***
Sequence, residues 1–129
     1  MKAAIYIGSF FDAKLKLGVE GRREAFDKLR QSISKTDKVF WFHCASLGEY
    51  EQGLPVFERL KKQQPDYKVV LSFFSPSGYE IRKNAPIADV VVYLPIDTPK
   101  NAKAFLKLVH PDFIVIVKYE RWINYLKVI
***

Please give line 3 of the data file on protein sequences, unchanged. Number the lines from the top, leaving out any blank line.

    51  EQGLPVFERL KKQQPDYKVV LSFFSPSGYE IRKNAPIADV VVYLPIDTPK